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Researchers develop a highly versatile material to be used in several fields

NUS researchers discover a combination of metals that create a material half the weight of paper and yet malleable and ductile. A breakthrough in robot-making, it has many desirable qualities that make it a first choice in prosthesis and search-and-rescue robots.






SINGAPORE | 25 NOVEMBER 2019


Termed “origami robots”, these robots are the newest generation of its kind. They encompass the latest features and ideas and are currently being put through tests to verify their compatibility for various fields. Researchers are currently looking to use these robots in drug delivery in humans, search-and-rescue missions in disaster environments and human-like robotic limbs.


These origami robots are usually made from soft materials such as paper, plastic and rubber so that they can fulfill their purposes, but these are not the most practical of materials. While flexible, these materials do not encompass sensors and electrical components. Thus, additional materials will have to put on them, which makes them larger and more inconvenient. This makes these soft materials undesirable for use in several fields.


However, a team of researchers from the National University of Singapore (NUS) recently made a ground-breaking discovery regarding the material that can be used to make these origami robots—they combined metals such as platinum with burnt paper (amorphous carbon, also known as ash) to create a new material. This new material is able to conduct electricity, generate heat, resist fire, detect strains and is


capable of wireless communications. It is also half the weight of paper, stretchable and foldable. It carries the properties of soft materials, but, at the same time, has much more functions and capabilities.


This new material comprises properties that make it a good choice for the production of flexible and light prosthetic limbs—it has the ability to detect strains as soon as they occur and can give feedback to the user on how much he/she is flexing. This, in turn, helps the user to control his/her actions better through the receiving of immediate information. It does not require add-on materials as well, which makes it an expedient option as it does not add undesired weight to the prosthetic.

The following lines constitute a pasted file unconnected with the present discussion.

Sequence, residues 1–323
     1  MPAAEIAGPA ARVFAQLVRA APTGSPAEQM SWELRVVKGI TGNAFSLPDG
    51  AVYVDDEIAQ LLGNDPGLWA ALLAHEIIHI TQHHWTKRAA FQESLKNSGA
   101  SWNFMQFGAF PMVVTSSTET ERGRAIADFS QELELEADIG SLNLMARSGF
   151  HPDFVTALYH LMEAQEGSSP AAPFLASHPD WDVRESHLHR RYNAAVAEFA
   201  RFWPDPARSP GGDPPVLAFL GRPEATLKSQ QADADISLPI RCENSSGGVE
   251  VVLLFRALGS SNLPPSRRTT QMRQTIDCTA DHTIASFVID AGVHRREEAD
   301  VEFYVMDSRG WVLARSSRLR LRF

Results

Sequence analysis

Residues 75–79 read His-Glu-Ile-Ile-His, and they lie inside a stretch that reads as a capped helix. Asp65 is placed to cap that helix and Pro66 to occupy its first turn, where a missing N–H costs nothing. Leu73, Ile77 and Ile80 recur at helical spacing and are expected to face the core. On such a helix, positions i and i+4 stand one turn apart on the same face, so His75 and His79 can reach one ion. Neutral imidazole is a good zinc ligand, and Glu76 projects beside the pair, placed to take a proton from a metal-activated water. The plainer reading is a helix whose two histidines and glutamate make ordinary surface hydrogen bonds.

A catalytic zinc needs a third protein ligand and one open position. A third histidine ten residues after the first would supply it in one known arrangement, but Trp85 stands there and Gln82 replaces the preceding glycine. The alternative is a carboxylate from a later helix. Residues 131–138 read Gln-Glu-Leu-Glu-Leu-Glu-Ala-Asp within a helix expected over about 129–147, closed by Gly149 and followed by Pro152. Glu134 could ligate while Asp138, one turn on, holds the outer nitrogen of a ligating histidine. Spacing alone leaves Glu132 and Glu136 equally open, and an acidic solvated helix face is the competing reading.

This metal-based material is at least one-third the weight of the materials originally used to make origami robots, allowing origami robots made using this material to work at higher speeds whilst utilising 30 percent less energy than those made using the original materials. This makes it more power efficient as compared to robots made before this discovery.


The newly developed material’s fire-resistant properties as well as its geothermal heating capabilities on-demand also prove to be helpful in allowing them to be used in crude environments. For example, it is able to tolerate temperatures at about 800̊C for up to 5 minutes without burning and melting and is able to heat up in ice-cold environments. These are advantageous for them to be utilised in harsh environments, at both high and low temperatures.


With all these advantageous characteristics put in place, these materials are the top choice for developing light and flexible robots that can be used for search-and-rescue in dangerous places. The provision of real-time feedback and communication are also key features that make it suitable for such functions.


“We experimented with different electrically conductive materials to finally derive a unique combination that achieves optimal strain sensing and wireless communication abilities. Our invention therefore expands the library of unconventional materials for the fabrication of advanced robots,” said Mr Yang Haitao, a doctoral student at the Department of Chemical and Biomolecular Engineering and the first author of the study.

Following this discovery, team leader Assistant Professor Chen Po-Yen from the Department of Chemical and Biomolecular Engineering at the NUS Faculty of Engineering and his team are aiming to increase the functions of this newly developed metal-based material.


They plan to include electrochemically active materials in the manufacturing process so as to create energy storage devices. This will allow the material itself to become its own battery, thus paving the way for self-powered robots. They will also experiment with other metals such as copper to reduce the manufacturing costs of the material.




The research paper was published in August 2019 on Science Robotics.

This article was contributed by Ling Yi, an editorial intern at World Scientific Publishing Co. and a contributing writer for Asia-Pacific Biotech News. She is from Nanyang Girls' High School, has keen interest in learning more about life sciences and exploring literature, in both English and Chinese. She also enjoys studying different languages such as Japanese and Korean, and has a passion for dancing and reading.